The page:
At some point in the life of an organization, people feel the need for a Learning & Development team. We were really curious when does it happen, who can step up and lead learning initiatives, and what’s the focus at first? I met Moniek through L&D Shakers, a new community gathering all learning professionals based in Amsterdam. I was really lucky to have the chance to talk about her journey in WeTransfer, where she grew as a learning professional and where she had the opportunity to saw an organization’s journey from 20 people to 200 people.
So for our first start-up story, enters Moniek.
So you’ve been with WeTransfer ever since it was a small start-up. What were the learning needs of the organization when you were less than 30 people?
Back in the days, the needs were completely different from now. As our success was growing, so was the urgency to prep ourselves for growth. L&D wasn’t done in the way we currently approach it. It was a lot more informal, and knowledge was often shared internally, and on the job. Our focus was mainly on establishing our values, our ‘why’, and get our organizational structure in place. People changed jobs and responsibilities all the time.
How would you describe the learning & development practices back then at WeTransfer?
Back in the days, we did have a learning budget. But we didn’t really promote it as much as we do now. It was a matter of ‘find your manager, pitch your idea, and make that move’. I remember the first year, I was still pretty shy as a newbie. I wasn’t even aware of the fact we had an individual learning budget. We had a budget for development, we participated in an incubator program, we visited conferences, but there were no formal programs. People learned mostly on the job, as no day was ever the same in times of rapid growth. And whenever we organized in-house training, we used to outsource this to external parties. Now as we’re bigger, we prefer to give the stage to our internal experts instead.
When I was one year in, one day I woke up, and it clicked. I suddenly realized I wanted to change my career in the direction of HR. I had a background in cultural sociology, so I wasn’t educated in HR. The biggest support in my growth at that time? It didn’t come from books, and it wasn’t formal education.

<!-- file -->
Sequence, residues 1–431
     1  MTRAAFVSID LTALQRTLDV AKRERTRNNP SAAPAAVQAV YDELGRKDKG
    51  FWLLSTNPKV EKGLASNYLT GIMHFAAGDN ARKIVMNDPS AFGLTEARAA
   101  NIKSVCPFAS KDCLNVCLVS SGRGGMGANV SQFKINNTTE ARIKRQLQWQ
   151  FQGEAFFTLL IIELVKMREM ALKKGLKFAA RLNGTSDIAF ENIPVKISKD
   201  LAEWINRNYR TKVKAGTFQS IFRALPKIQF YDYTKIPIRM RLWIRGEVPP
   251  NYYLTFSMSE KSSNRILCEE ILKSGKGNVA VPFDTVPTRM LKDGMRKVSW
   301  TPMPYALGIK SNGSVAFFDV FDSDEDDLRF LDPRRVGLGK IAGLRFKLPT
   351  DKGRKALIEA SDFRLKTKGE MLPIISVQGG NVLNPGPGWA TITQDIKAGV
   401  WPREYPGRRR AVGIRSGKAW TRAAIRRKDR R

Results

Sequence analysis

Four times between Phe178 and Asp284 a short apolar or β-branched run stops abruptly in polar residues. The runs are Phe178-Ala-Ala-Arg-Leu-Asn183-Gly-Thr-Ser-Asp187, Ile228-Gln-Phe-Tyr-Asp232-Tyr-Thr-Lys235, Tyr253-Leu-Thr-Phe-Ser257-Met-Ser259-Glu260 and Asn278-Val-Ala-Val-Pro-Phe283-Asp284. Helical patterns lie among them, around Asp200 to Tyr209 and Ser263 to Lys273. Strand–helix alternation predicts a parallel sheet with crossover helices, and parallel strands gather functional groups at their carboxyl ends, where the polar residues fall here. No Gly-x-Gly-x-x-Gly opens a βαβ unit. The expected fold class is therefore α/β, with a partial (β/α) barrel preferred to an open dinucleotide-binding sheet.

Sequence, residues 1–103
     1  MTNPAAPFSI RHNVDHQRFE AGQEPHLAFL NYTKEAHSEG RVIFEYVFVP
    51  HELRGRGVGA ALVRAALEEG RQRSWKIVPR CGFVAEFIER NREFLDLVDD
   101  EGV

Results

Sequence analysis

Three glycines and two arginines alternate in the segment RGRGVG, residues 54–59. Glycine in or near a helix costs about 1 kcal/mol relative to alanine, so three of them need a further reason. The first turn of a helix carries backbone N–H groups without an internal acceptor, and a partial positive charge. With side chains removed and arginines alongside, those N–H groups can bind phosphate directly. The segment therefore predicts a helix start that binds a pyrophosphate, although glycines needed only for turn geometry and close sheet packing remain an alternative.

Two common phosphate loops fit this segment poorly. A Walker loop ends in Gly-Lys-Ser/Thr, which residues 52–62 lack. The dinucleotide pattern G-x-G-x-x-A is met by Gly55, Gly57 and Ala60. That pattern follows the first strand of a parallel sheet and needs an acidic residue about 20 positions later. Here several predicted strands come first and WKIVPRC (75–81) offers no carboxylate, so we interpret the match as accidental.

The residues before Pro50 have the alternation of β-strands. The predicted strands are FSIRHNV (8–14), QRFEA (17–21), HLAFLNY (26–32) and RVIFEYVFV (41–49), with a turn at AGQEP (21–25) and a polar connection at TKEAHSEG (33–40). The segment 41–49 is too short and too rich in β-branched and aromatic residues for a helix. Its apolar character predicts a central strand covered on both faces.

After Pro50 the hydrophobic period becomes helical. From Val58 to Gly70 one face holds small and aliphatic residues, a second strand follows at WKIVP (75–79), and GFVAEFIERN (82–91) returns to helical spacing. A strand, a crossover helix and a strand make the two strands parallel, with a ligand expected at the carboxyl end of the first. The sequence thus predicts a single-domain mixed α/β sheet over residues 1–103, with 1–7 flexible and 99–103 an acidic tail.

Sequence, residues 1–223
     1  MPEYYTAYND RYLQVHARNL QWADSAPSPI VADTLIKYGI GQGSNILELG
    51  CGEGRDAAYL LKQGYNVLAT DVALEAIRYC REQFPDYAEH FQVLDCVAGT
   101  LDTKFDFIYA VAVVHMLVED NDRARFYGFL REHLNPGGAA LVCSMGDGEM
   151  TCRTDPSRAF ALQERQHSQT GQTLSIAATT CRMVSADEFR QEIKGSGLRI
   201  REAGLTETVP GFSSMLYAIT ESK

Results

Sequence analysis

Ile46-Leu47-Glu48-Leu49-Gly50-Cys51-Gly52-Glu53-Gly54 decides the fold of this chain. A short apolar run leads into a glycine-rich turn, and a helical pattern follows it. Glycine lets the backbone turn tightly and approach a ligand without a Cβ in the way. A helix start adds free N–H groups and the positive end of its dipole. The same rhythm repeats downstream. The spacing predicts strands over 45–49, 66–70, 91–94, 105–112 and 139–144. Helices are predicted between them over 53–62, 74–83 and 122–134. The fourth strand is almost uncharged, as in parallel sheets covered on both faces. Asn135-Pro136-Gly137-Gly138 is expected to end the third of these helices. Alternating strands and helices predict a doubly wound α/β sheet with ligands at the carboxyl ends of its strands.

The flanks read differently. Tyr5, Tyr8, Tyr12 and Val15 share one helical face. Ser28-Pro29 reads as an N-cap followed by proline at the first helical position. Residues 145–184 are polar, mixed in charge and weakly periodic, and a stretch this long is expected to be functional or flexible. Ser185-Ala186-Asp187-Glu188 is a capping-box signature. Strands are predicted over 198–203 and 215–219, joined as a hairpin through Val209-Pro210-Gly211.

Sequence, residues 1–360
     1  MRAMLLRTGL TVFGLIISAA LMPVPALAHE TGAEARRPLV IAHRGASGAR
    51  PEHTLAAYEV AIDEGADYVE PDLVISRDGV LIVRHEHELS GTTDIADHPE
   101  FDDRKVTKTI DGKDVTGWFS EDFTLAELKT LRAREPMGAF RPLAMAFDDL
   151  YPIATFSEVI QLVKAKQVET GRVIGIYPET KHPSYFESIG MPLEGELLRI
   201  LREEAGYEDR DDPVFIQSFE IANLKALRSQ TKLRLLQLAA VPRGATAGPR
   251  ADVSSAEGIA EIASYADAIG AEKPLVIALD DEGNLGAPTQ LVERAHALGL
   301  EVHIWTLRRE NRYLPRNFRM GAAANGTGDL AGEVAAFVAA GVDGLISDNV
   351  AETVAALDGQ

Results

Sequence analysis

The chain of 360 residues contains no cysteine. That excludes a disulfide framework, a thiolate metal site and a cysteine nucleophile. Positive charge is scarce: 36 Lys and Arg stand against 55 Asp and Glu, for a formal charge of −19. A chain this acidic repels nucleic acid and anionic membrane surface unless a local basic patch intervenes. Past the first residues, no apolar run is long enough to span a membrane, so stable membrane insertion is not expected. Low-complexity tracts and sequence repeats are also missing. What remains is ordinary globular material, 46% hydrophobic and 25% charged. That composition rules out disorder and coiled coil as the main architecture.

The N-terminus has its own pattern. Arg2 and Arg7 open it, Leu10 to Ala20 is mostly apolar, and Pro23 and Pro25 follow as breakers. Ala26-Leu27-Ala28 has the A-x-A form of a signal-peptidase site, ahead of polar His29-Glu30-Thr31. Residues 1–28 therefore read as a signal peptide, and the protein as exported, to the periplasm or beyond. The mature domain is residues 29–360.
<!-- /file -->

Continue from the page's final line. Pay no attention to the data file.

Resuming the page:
It came from the people around me, allowing me to fail and stand up again. When I pitched to change my job at that time, I was challenged by the CEO. He said, “Moniek, sounds nice, now rewrite your pitch to 3 bullet points and convince me again.” He didn’t ask me for my resume, instead, I was given trust, autonomy, and the freedom to shape my new job as we both saw fit. He introduced me to people within his network. And yes, sometimes I fell flat on my face, but that was okay. The confidence I gained at that time, taught me more than any book could do. In my eyes, that’s what learning & development embodies at all times. And it definitely represented the start-up mentality we had at the time.
Could you tell us a bit about what changed up until now?
A lot has changed since, and we created a lot more structure in L&D. We launched an internal academy to give the stage to our in-house experts (We-Academy), we have individual learning budgets, from intern to CEO, and Learnerbly to support us in this journey. To help teams grow and excel, we have a team learning budget, a conference budget, and an in-house team coach.
We rolled out a Leadership program and started with ‘intervision’ groups to encourage peer learning. Moreover, we focus on career development through a coaching program and career frameworks. We play and innovate, during our monthly Play Days. We’ve got a health and wellbeing budget (to see a coach or develop your six-pack). We reflect on the things that can improve in retrospectives, we learn about the needs of our people through Officevibe. We look ahead in our All Hands. And no day is ever the same.
However, some things never change: our CEO still has his doors open, always willing to take a moment and talk “Moniek, what’s on your mind?”.